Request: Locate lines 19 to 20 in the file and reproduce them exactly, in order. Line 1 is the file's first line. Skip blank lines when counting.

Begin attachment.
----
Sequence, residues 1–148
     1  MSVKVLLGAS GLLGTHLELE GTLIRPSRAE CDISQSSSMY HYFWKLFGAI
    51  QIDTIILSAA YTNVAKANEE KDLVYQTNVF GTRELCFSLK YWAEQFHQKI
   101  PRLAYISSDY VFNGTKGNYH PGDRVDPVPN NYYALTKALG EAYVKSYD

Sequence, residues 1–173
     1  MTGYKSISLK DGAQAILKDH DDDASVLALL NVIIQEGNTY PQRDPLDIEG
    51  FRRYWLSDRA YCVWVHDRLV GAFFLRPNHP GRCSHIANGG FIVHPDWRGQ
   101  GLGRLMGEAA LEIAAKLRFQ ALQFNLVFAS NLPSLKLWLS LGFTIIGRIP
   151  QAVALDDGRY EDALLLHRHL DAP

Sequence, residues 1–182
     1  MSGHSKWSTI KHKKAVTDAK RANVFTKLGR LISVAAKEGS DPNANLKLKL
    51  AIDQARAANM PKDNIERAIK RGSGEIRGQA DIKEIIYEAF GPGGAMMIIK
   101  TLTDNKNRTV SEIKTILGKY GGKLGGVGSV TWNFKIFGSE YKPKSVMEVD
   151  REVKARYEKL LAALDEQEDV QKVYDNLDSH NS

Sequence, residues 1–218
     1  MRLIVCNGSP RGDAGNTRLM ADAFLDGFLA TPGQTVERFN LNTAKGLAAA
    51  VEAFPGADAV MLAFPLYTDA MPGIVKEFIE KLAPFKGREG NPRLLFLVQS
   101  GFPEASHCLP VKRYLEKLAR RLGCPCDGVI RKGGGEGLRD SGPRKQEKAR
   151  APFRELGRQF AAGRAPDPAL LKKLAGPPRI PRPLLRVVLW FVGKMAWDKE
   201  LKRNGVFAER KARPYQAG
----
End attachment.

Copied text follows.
   151  APFRELGRQF AAGRAPDPAL LKKLAGPPRI PRPLLRVVLW FVGKMAWDKE
   201  LKRNGVFAER KARPYQAG